Faith

Social Distance

1970’s Social Distancing

I will never fail you. I will never abandon you.

Hebrews 13:5

Have you ever felt abandoned? I have. It’s a powerful emotion mixed with isolation and loneliness, then baked in the oven of time. As a verb it means: To cease to support or look after; desert.

I was almost eleven when we moved from the “comfort” of military life to the unknown. I stayed at home for a full year, mostly by myself. My mother worked full time, my sister started beauty school and my younger brother spent his pre-school days with my mom at her secondhand store.

Because my parents had separated, my father remained in Las Vegas. We moved to Southern Oregon with my mom to start a new life. At least everyone else did. I was literally abandoned. My physical needs were met but my emotional needs were deserted. For an entire year I sat at home reading mature novels, watching General Hospital and collecting fears like precious coins. I was already a fearful child, but isolation fueled the fears like oxygen does fire.  Also, my dad never came to visit. Not once.

Of course, I’m sharing this because of the social distancing we are experiencing as a global community right now. We too have distractions where we can immerse ourselves into other’s drama so we don’t feel so alone. However, that only lasts as long as a crocus’s bloom. The reality of being created in the image of God is that we need real relationship. A real relationship with God and with other people is the only way to avoid feeling abandoned. God promised that He will never leave you or forsake you. Even if you are left at home and no one seems to care. God is there. God’s loves. God’s grace is sufficient. 

But, in this miraculous age of technology, we are never without the resources to connect–at least as long as we have electricity! At ten I was unaware of my need and welcomed General Hospital’s Luke and Laura into my life as friends. When I was pulled away from them at eleven (my mother finally put me back in school) I grieved the loss of their “relationship.” I missed them desperately. It sounds ridiculous now, but it was so real to me as a child. They were my family.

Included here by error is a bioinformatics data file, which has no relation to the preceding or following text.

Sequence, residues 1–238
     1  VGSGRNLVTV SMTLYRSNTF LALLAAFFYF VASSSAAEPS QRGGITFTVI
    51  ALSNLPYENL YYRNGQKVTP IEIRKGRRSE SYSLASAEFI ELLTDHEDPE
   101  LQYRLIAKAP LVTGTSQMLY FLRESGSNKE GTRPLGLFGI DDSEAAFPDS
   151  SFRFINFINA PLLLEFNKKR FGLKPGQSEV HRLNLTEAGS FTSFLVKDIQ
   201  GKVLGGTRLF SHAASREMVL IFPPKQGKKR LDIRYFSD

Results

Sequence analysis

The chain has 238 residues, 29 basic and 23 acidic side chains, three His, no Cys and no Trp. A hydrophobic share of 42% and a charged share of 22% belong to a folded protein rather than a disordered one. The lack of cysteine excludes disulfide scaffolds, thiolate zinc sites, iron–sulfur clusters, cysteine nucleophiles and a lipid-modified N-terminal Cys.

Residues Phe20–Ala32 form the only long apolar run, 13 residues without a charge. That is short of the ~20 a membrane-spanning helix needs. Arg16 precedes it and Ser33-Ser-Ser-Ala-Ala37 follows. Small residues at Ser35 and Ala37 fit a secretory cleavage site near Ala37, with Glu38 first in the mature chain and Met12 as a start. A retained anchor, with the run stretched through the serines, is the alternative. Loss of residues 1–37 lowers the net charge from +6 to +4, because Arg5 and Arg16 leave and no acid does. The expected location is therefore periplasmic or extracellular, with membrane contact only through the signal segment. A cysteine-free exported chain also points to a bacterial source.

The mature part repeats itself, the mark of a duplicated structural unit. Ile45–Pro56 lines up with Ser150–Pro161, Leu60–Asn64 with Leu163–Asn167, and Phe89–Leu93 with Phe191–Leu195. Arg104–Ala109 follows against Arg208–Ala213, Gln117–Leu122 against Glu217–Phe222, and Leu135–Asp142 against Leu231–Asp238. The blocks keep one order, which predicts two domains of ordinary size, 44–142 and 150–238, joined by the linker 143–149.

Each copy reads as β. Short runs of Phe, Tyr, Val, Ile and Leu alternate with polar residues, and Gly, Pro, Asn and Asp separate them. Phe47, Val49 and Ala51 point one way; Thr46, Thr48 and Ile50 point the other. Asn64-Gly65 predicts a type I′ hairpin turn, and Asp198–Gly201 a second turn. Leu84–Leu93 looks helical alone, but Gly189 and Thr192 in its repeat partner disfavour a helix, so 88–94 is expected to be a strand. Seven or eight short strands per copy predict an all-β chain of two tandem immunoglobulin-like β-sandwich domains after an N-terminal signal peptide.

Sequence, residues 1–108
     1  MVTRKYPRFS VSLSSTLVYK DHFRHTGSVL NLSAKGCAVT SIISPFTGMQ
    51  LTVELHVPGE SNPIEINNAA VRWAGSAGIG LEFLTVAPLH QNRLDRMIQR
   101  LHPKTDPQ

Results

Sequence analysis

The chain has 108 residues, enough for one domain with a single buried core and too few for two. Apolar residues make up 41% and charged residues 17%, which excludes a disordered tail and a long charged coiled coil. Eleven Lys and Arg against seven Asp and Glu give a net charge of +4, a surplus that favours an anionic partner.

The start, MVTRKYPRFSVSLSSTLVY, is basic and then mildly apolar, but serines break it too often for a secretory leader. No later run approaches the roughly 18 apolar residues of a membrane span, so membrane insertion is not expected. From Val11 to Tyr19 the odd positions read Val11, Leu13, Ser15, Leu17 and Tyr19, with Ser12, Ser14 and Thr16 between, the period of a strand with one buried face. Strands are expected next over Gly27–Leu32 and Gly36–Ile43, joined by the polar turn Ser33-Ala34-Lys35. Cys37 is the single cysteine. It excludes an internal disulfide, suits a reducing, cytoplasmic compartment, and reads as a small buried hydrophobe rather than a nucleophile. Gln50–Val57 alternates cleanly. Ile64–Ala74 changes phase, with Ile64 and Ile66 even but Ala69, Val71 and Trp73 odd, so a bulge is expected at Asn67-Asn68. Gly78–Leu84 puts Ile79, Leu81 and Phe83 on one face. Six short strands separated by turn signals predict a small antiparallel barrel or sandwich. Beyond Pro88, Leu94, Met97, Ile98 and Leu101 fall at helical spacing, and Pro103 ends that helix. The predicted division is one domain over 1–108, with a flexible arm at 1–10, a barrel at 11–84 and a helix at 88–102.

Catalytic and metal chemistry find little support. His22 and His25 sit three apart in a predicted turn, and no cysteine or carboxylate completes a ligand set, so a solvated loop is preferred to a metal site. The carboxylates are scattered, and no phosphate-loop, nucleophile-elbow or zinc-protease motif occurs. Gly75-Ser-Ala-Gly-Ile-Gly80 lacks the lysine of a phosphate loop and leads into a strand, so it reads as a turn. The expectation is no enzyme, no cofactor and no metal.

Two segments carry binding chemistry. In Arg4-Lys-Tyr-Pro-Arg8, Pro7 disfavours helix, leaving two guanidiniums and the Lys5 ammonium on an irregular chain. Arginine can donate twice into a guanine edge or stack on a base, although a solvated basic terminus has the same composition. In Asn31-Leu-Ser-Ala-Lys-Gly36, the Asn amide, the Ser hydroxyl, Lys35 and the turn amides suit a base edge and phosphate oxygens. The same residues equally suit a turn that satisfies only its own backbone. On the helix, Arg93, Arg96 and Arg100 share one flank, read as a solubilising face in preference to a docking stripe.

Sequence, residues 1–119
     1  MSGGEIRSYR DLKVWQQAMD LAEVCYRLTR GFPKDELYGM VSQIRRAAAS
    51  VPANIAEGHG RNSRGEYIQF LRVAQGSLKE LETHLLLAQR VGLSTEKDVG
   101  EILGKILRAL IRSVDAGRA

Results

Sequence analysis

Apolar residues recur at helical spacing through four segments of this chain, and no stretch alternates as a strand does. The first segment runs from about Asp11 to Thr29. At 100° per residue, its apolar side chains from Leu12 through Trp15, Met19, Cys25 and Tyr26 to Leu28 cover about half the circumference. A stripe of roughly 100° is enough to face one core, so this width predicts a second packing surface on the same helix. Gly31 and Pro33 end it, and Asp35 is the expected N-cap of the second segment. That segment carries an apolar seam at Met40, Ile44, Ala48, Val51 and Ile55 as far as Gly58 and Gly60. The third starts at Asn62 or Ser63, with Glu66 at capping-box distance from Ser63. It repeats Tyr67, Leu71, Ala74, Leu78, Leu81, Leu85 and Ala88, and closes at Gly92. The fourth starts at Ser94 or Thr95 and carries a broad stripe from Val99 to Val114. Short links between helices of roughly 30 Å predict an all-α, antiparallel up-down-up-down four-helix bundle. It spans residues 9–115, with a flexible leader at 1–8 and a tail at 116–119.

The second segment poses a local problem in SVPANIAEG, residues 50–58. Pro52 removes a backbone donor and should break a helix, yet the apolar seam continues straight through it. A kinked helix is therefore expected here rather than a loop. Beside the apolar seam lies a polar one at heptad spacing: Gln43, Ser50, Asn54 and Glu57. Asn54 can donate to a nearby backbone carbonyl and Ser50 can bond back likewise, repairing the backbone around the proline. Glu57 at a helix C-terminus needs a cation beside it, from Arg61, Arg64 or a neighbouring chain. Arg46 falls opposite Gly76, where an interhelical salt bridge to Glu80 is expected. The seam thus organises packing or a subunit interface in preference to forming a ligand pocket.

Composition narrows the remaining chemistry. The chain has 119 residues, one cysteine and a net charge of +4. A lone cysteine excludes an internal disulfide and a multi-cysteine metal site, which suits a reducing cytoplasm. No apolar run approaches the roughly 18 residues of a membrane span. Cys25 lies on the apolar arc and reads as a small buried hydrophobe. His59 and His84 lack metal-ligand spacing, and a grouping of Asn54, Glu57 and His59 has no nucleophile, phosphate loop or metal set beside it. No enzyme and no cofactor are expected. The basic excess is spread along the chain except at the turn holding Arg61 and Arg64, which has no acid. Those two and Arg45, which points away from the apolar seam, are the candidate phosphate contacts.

In the same way, we need connection with our “family,” even if we remain at least six feet apart. We are not meant to be alone in the family of God, floating individually in a protective innertube of isolation. So, now is the time to figuratively link arms. If you weren’t connected before, reach out to someone. Chances are they are feeling lonely too. If you are connected, maintain those relationships through phone calls, FaceTime, and the like. It is good for the soul.

Having said that, please don’t forfeit this time by treading water. Dig into God’s Word. Covet this time to be with God as He shapes us with the waters of solitude. The rough edges will be smoothed if we swim toward Him, I promise.

For example, this time, as I am left at home with my husband, I have become aware of other self-indulgent behaviors–selfishness, impatience and a desire to be the center of my world. Instead of escaping into another’s fantasy I battle the real pull of self-centeredness. Our pastor reminded us on Palm Sunday that we are not the center of our world, God is. God made it that way to save us from ourselves. You see, apart from Him we can do nothing. There is no real comfort, no real love and no real belonging without Him. 

I pray that we will all be changed when the tide comes in and we are all back on the same shore. I pray that God’s love will compel us into the arms of those we hesitated to hug before the pandemic. I pray, in this time of social isolation, we will run into the embrace of our Heavenly Father, and reach out to others as we are able, leaving our fears in the wake of His lavish love.

Praise be to the God and Father of our Lord Jesus Christ, the Father of compassion and the God of all comfort, who comforts us in all our troubles, so that we can comfort those in any trouble with the comfort we ourselves receive from God. For just as we share abundantly in the sufferings of Christ, so also our comfort abounds through Christ.

2 Corinthians 1:3-5

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